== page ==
Why does managing IT Service Management from a lifecycle perspective matter? To answer this question lets look at industry behavior related to ITIL® adoption around ITIL v3.
ITIL v3 Improvement – The Service Lifecycle
In the industry at the time before and during ITIL v3 publication there were consistent conversations related to the theme, “No more IT projects, only business projects.” The ITIL service lifecycle helped organizations address this challenge with the service lifecycle approach.
Adoption of ITIL for business value was one of the key problems to be solved with the lifecycle approach. Every organization delivers and/or supports a service and/or product. So, they have a practice of service management. Services have beginnings, changes, and endings – a lifecycle. Understanding the complete lifecycle chain helps organizations become more efficient and effective in managing services for value. Organizations today use the ITIL guidance from the following perspectives:
- Operational efficiency only…
- Solve operational issues without knowing direct business value
- Similar to ITIL v2 approach: improve incident management
- Adopt all ITIL processes or specific ones
- May improve processes, but not receive any business value
- May do more than business needs and affect business capability total cost of ownership
- IT strategy for operational efficiency
- Solve business issues by addressing underpinning service capabilities and resources which include process, people, technology, etc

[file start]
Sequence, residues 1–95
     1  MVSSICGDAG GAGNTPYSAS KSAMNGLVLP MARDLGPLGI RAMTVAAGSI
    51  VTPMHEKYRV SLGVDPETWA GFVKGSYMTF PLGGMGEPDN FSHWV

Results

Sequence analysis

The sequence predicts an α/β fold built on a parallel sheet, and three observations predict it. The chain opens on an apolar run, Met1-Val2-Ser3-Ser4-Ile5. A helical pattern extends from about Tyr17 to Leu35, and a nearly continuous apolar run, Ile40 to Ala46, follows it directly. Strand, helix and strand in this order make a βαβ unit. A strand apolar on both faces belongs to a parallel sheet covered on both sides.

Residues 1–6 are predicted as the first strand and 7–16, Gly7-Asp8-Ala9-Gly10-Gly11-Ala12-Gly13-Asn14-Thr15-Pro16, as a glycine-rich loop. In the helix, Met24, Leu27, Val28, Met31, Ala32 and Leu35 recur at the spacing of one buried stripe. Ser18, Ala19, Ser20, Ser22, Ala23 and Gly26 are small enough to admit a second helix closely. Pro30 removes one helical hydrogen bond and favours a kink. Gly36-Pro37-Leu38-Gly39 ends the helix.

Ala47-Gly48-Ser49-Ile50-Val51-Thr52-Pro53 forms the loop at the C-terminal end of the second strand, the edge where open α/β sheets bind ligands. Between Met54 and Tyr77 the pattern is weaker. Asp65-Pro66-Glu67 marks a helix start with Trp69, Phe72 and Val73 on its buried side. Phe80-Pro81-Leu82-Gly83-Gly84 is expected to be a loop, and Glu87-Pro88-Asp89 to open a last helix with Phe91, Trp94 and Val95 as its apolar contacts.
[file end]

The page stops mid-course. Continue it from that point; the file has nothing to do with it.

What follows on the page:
- Better service orientation
- Complete lifecycle perspective of service value chain
- Better management of total cost of ownership and return on investment
There are two key themes in ITIL v3 – “The practice of Service Management” and “Managing IT Services (ITSM).” The lifecycle helps connect service management business outcomes with managing IT service management (ITSM). The strategy book primarily focused on the practice, while the design, transition, and operation books are focused on managing IT related to the practice. The continual service improvement book supports both.
ITIL v3 did a number of things to improve on ITIL v2 and support a service lifecycle framework for ITSM, addressing how ITSM supports service management from end to end. Here is a list of some of the enhancements:
- Defined the lifecycle framework in five core books: Service Strategy, Service Design, Service Transition, Service Operation, Continual Service Improvement
- Increased the scope of the framework
- Repositioned ITIL v2 processes across lifecycle, instead of just in service support and service delivery. Service support and service delivery concepts still matter
- Added new process areas to help with managing capabilities, operational efficiency, and overall service improvement
- Added new functions and roles to represent organizations better
- Added and improved perspectives, goals, objectives, critical success factors, and key performance indicators
- Better overall examples, clarifications, and definitions
Managing ITSM from a lifecycle perspective helps remove silo’d behavior with IT projects for better organization and business value. This includes better experience and engagements with customers. Strategic intent for usage of IT capabilities and resources is better managed.